Swift and Sure Out of the Gate, Beth Henley’s
Ridiculous Fraud Loses Its Way
Also see Bob's review of What the Butler Saw
The initial setting is the comfortable Clay family home in the Garden District of New Orleans (five years before Hurricane Katrina). It is a summer night, and family members are returning from the pre-marital dinner-dance (often called the rehearsal dinner whether there is a rehearsal or not) prior to the next day’s scheduled wedding of Lafcad Clay, the youngest of the three confused Clay brothers. It seems that their widowed father is in the state penitentiary for fraud, and the house will have to be sold to pay lawyers’ bills and creditors.
Oldest brother Andrew puts forth an image of leadership, honesty and responsibility. He seems to believe his image, even though his real tendency is to be manipulative, intrusive, aggrandizing, and weakly corrupt. He is running for state auditor, to bolster the sagging family name, he says. His wife Willow is a spoiled rich girl who wants to run off with his brother Kap. This unhappy family sub tribe is completed by Willow’s atavistic father Ed, who is backing Andrew’s auditor campaign for corrupt ends, and his second wife Maude, who is hated by Willow. Single middle brother Kap lives in a cabin in the woods and works as a guide for wealthy duck hunters (that is when he is not bagging every woman who comes his way).
Youngest and least competent, least employable brother Lafcad seems about to bring some stability to the family with his marriage to a girl from a very well-heeled family. However, word is drifting back that Lafcad has told his no longer incipient bride that he has decided not to marry her. It seems that he had just realized that he didn’t want to get married, and had been planning to do so only to please his family.
Enough. Not for Beth Henley. Also on hand is Uncle Baites, the long in the tooth bachelor twin brother of the Clay brothers’ late mother. He is accompanied by a déclassé one-legged young woman named Georgia whom he picked up on a New Orleans street that afternoon. Because the artificial leg doesn’t fit right, it plays funny.
I have written precious little about the last three scenes which should give you a good idea of just how overwritten Ridiculous Fraud is. One evident theme is that most people are raised by parents with various levels of dysfunction who do not teach their children how to dance nimbly through their lives. Another is that when one chooses or pretends to choose a lifestyle in order to live up to societal or parental standards, his behavior will reveal him to be a Ridiculous Fraud.
The production has two scenes (designated as Act I and Act II) before intermission, and two scenes (Act III and Act IV) after intermission. There is one scene for each season of the year, beginning with Summer. Each scene has a different location, and the sets by Michael Yeargan are both airy and substantial. The first set, the home in New Orleans with its balcony, plants and trees is especially fetching and inviting. Interior and exterior are mostly in shades of green, a color used far more successfully here than it is by Bob Crowley in the just opened Broadway Tarzan. Director Lisa Peterson has come up with the effective idea of playing each scene on with some terrific recordings of New Orleans jazz while a series of slides project the act, season and location coming up. There is a playfulness here that creates the right mood for the play. Peterson has also drawn solid performances from her cast. However, there is an even, metronomic quality to the production which fails to provide any arc to the events.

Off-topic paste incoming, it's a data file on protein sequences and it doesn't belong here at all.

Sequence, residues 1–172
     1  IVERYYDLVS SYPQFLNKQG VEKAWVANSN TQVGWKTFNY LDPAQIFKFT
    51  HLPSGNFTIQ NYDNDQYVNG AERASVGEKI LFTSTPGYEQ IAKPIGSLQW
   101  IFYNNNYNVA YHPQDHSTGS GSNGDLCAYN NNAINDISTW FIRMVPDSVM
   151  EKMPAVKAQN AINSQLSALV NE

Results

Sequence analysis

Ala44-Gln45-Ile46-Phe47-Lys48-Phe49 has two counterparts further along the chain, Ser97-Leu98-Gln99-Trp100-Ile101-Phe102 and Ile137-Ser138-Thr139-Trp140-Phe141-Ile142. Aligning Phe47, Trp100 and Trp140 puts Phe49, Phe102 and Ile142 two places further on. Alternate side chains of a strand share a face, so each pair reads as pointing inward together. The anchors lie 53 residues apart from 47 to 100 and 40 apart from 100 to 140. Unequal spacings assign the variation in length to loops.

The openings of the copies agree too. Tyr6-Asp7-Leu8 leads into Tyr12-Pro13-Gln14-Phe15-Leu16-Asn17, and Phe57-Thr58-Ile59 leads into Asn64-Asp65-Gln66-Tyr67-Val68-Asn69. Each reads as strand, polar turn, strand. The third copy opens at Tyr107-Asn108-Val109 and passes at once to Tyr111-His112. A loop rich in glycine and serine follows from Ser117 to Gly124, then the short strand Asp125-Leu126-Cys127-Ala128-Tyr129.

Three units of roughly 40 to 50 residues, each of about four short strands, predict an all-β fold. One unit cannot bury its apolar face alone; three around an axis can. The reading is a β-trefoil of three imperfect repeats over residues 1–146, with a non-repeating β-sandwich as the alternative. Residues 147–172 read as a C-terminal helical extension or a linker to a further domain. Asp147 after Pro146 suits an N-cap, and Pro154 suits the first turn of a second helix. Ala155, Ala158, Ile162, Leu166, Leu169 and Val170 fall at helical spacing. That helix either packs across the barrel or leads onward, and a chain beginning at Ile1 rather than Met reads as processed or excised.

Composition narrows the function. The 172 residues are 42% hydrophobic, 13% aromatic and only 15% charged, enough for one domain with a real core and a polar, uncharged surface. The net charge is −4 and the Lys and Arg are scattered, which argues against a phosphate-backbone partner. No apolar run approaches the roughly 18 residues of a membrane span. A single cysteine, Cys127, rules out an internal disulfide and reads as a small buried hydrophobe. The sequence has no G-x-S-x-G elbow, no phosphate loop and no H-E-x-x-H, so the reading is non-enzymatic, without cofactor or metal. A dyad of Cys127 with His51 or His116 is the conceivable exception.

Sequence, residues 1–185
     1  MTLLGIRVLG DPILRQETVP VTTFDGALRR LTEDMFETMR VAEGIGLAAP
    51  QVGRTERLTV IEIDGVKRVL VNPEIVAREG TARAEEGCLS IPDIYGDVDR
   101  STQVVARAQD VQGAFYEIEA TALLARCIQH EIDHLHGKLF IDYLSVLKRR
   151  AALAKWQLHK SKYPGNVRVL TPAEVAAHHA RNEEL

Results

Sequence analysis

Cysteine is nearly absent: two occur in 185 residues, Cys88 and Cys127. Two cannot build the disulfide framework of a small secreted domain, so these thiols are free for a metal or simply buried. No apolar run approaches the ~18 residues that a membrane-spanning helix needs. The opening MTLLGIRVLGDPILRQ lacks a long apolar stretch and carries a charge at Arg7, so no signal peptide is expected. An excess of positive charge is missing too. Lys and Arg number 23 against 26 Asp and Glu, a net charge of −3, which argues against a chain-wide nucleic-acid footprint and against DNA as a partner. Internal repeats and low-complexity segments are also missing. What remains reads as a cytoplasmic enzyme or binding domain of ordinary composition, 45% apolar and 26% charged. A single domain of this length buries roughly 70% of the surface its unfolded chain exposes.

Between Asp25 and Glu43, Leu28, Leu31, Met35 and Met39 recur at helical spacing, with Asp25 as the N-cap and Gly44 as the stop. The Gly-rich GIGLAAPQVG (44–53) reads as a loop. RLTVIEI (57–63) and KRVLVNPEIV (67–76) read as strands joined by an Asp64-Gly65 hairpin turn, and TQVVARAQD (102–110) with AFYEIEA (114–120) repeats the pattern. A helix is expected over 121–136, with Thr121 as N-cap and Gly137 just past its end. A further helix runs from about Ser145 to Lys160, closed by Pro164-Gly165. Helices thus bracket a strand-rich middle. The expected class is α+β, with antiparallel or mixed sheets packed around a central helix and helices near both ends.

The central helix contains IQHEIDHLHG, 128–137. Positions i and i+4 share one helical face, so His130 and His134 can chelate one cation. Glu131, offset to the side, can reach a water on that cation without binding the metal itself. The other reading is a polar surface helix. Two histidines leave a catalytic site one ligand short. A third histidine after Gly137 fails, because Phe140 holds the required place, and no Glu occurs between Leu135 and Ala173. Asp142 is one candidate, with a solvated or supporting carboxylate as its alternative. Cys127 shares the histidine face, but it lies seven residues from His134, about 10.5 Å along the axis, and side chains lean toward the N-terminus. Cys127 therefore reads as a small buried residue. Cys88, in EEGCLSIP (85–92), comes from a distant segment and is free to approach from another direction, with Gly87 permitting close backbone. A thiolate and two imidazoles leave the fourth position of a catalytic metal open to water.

Daniel London is especially charming as Lafcad. There is a looseness to his movements and words which match Henley’s words. Reg Rogers brings a sense of desperation to his Andrew which creates sympathy for this pushy hypocrite. Tim DeKay is a believable Kap, although Kap as written is not well defined.
Barbara Garrick is sympathetic as Maude and Ali Marsh is appropriately shrill as Willow. Heather Goldenhersh brings a certain raffish charm to the woebegone Georgia. Charles Haid projects an innocent sweetness as Uncle Baites in contrast to John Carroll Lynch’s peremptory Ed.
Those who are familiar with Crimes of the Heart will note a number of similarities, beginning, of course, with the eccentric nature of her Southerners. Crimes of the Heart finds three sisters gathered together in their Mississippi family home to face a crisis brought about by one having shot her husband. Ridiculous Fraud finds three brothers gathered at the family manse in the New Orleans for the wedding of the youngest. Whereas Crimes unfolds in its initial setting over a period of several days, each of Fraud’s four scenes has a different setting, and its events unfold over the course of the four seasons. Without altering the nature of event or character, it would likely prove beneficial for Henley to tighten and better focus Fraud by confining it to its initial setting and telescoping its events so that they occur over a much shorter period of time. It is not that there aren’t interesting develop.m.ents after the first scene. It is that there is too much shtick for too many characters, overwhelming them at present.
Happily, more than 20 years after her breakthrough success, Beth Henley is still out there, enticing us with a gallery of amusingly maladjusted and unhappy characters. However, in its present form, the overloaded and overly long Ridiculous Fraud fails to sustain its ebullience beyond its grand opening scene.
Ridiculous Fraud continues performances (Wed./ Thurs./ Sun. (5/21;6/4) 7:30p.m.; Fri. & Sat. 8p.m. ; Sat. 3p.m.; Sun. 2p.m.) through June 11, 2006 at the Berlind Theatre of the McCarter Theatre Center, 91 University Place, Princeton, NJ 08540; box office: 609-258-2787; online: www.mccarter.org.
Ridiculous Fraud by Beth Henley; directed by Lisa Peterson